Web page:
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Sunan Kalijaga was a close friend of Sunan Gunungjatiand is said to have lived to the age of one hundred. Sunan Kalijaga —? Sunan Kalijaga This page contains text from Malrifat, the Free Encyclopedia — https: He was also tolerant to local tradition.
Discover all that is hidden in the words on. Educalingo cookies are used to personalize ads and get web traffic statistics. Malay words that begin with mak. Buku ini hadir untuk menyelamatkan kita dari beribadah sekadar rutinitas. This was allegedly the first foreign-owned educational institution officially recognised by the Indonesian government. Students in Egypt and the Gulf could communicate on a daily basis with friends and relatives at home.
Events and discussions taking place in Cairo were relayed to Indonesia by students at al-Azhar. The content of sermons in Riyadh, Medina, or Qatar could be known almost simultaneously in Indonesia. Students in Yemen or Saudi Arabia could act as intermediaries between Salafi authorities in those countries and their followers in Indonesia.
By the early s, it had become possible for Indonesian Salafis to request fatwas authoritative opinions from sheikhs in Arabia by telephoning friends studying there, who would then ask the question in person and phone back the answer. See the discussion in Hasan , Chapter 4.
In sheer volume and impact, Islamist discourse now dwarfed the liberal, pluralist discourse that had been almost hegemonic during the New Order.
Within a few years, the latter was marginalised and the very idea of liberal Islam stigmatised. All three are the Indonesian branches of well-established transnational movements and owe allegiance to a leadership abroad PKS less so than the other two.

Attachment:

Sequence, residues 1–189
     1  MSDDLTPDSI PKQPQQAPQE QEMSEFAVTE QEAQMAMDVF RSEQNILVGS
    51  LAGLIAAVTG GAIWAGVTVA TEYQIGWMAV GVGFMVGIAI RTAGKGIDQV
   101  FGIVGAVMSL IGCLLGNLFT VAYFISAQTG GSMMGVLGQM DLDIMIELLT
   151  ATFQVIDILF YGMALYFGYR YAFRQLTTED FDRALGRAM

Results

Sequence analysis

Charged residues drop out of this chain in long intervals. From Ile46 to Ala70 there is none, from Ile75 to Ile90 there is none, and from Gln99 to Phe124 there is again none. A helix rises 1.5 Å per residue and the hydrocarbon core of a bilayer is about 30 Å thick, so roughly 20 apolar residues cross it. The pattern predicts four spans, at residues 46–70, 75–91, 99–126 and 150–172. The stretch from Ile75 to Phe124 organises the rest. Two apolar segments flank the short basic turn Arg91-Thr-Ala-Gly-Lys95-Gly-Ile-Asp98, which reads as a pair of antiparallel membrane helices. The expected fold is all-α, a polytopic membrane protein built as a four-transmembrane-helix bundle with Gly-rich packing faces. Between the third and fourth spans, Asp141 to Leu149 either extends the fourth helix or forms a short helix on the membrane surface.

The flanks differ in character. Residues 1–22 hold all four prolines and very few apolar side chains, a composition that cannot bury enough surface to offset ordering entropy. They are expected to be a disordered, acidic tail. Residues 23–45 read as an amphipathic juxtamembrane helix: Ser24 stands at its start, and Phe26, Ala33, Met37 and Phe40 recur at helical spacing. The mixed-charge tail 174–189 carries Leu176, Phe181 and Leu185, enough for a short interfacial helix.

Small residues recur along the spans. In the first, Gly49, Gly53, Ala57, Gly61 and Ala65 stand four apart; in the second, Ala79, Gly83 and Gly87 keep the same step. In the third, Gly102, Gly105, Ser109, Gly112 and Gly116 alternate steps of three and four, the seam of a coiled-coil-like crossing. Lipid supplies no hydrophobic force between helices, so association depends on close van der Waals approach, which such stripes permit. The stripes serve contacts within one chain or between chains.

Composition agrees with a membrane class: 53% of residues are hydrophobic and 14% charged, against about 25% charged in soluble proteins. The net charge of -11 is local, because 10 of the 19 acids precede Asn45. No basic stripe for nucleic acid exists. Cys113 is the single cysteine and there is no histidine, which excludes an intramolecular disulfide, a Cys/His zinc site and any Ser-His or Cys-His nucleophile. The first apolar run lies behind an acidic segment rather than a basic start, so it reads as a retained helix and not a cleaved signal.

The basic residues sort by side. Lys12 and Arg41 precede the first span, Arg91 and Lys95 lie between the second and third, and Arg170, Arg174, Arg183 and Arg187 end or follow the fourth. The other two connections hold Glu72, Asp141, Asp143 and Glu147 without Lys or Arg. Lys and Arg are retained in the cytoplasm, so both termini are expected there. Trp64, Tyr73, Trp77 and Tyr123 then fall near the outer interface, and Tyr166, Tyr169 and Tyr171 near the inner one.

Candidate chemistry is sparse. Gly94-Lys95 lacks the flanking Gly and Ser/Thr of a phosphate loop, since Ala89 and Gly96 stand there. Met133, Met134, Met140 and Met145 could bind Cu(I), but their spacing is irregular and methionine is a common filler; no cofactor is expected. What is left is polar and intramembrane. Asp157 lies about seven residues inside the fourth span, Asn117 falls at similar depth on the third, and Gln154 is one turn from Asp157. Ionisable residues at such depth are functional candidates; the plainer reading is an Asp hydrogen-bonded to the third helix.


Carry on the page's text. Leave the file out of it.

In this sense, they are significantly different from all earlier Indonesian Muslim organisations.
It is precisely this transnational connection that provides them with a degree of legitimacy in the eyes of many ordinary Muslims. The PKS not only maintains connections with the Middle East but has also been careful to cultivate relations with Indonesian students abroad, in the West as well as the Arab world. The former two movements sprang from student groups at several of the better Indonesian secular universities; a high proportion of their members and cadres are graduates from institutes of higher education in non-religious subjects.
Relatively few of the cadre members of the PKS, but a larger proportion in the central leadership, have been educated in Saudi Arabia or elsewhere in the Arab world. The Salafi movement, on the other hand, is almost exclusively Arab educated and its major wing depends on significant funding from a foundation based in Kuwait.